When Killol Chokshi came to Newfoundland and Labrador from India to pursue a graduate degree, he had never before heard the term social enterprise.
So it was unbeknownst to him that his pharmacy background would be one of the puzzle pieces for building the framework of a viable business model in St. John’s.
‘Significant and lasting change’
“Social enterprise is about creating value that is both social and financial,” said Nicole Helwig, manager of Memorial’s Centre for Social Enterprise (CSE). “Rather than focusing solely on generating profits, social enterprises strive for significant and lasting change for the better.”
The centre uses existing resources at Memorial in different ways to support existing social enterprises, create new ones and promote social enterprise education. Built on a unique partnership between the Faculty of Business Administration, the School of Social Work and the School of Music, it also seeks to enhance the quality of the human experience via social enterprise and social innovation.
The social enterprise model is key to a more diverse, sustainable future for the province and beyond, says Ms. Helwig.
Diversity at work
One way the CSE helps Memorial students discover social enterprise and explore future career paths is through experiential learning opportunities. Via the School of Graduate Studies, the CSE placed Mr. Chokshi at Choices for Youth in St. John’s as a research assistant.
It was there that he began to focus on a new career path.
Mr. Chokshi was hired to gather evidence around how at-risk youth can reduce their chances of succumbing to addiction, homelessness and mental health conditions by providing employment opportunities within a social enterprise business model.
“I screened six databases for relevant articles that examine different working models and themes for social enterprise oriented towards at-risk youth,” he explained. “My thesis in pharmacy required me to work independently and, among other things, develop troubleshooting protocols.”
Mr. Chokshi also conducted literature searches to see what other scientists have done when they encountered similar hurdles. He says sometimes there are solutions and most of the time, he improvises and uses his judgment.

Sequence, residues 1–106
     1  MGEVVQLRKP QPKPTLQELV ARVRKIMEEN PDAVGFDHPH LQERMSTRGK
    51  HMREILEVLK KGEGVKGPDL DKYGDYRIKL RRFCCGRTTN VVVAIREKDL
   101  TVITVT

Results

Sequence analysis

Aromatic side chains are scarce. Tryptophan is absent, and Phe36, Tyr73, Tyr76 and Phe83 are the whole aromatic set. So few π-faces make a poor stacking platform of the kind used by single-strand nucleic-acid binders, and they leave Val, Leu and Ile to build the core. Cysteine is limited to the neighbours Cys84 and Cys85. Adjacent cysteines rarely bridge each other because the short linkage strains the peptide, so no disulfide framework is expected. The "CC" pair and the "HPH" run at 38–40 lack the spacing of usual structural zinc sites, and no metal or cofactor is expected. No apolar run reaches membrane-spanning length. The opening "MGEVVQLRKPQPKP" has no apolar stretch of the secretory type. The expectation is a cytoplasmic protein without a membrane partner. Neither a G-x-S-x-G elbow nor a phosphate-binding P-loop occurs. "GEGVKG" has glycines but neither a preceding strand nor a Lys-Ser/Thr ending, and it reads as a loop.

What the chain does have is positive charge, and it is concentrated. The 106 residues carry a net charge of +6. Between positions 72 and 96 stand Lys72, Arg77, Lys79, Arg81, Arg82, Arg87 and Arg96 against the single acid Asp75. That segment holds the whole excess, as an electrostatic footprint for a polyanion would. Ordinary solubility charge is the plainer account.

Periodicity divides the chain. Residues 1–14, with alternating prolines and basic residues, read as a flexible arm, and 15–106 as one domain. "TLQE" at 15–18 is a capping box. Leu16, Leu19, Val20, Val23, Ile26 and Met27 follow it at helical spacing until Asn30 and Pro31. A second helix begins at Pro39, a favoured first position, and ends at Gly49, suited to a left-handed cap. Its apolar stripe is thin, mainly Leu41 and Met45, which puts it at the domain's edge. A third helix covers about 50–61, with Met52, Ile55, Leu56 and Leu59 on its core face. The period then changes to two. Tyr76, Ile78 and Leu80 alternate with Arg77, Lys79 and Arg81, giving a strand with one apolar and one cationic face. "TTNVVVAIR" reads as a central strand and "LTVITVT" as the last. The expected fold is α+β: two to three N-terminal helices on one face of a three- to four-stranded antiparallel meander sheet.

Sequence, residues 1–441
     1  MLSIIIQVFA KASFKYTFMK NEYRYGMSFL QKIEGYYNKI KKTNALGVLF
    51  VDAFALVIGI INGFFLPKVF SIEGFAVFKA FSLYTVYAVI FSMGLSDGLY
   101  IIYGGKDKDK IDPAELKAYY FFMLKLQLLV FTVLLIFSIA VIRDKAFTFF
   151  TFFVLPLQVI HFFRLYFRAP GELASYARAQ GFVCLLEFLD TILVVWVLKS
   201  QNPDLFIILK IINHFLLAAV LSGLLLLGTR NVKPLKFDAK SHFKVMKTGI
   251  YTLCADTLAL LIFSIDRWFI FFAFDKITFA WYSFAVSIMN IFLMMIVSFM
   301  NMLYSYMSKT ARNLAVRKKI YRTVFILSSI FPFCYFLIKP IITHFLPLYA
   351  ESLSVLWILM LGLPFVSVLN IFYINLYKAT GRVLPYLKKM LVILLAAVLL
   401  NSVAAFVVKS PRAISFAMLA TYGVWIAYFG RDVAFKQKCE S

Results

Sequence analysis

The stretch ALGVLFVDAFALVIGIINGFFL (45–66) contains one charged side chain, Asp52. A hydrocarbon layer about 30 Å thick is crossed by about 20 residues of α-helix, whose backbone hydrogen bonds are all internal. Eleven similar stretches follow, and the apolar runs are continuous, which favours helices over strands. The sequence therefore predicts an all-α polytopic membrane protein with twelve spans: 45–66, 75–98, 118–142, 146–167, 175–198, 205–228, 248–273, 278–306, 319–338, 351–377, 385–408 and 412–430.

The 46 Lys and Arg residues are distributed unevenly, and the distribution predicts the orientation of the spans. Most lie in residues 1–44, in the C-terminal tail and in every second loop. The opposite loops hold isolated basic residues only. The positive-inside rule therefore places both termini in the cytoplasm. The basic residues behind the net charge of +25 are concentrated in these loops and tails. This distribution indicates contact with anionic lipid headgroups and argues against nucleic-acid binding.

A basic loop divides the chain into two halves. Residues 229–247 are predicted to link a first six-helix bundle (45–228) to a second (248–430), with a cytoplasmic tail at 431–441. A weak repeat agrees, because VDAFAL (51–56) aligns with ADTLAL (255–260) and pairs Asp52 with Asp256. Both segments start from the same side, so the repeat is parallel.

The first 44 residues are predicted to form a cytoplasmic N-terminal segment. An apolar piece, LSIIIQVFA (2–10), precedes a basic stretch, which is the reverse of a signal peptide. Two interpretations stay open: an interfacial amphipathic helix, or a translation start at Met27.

As lead volunteer for the St. John’s Farmers’ Market, a volunteer with Eastern Health and a provincial volunteer representative for the Canada Revenue Agency Volunteering Program, Mr. Chokshi is passionate about supporting community causes.
His Choices for Youth experience has clarified for him which types of projects he will seek out in the future; it has also provided valuable Canadian work experience. (Following this project, he was offered a short-term contract with Choices for Youth).
Economy of care
Chelsey MacNeil, Choices for Youth’s director of social enterprise, says that working with Memorial researchers and students is vital for their organization.
“While there is qualitative research around how social enterprise benefits the vulnerable, there is a real gap in quantitative data on what the actual impact and return is of social enterprise, and we absolutely need that data in order to push policy and engage with government,” she said. “We needed a systematic literature review, and Killol was a real asset.”
Ally Jamieson, research manager, worked directly with Mr. Chokshi.
“His background in hard science and his ability to understand complex ideas and organize them in a way that will make sense was essential. Even though we’re in a social service field, there are a lot of dynamics that are complex and require us as researchers to organize them in a meaningful way, and he is fantastically skilled in the way of being able to categorize ideas.”
The research Mr. Chokshi completed is currently being evaluated and will be published in Choices for Youth publications and research journals by the end of 2018.
“We anticipate that this work will help make a real impact in the research world, so that we can translate to government and society just how transformational social enterprise can be,” said Ms. MacNeil.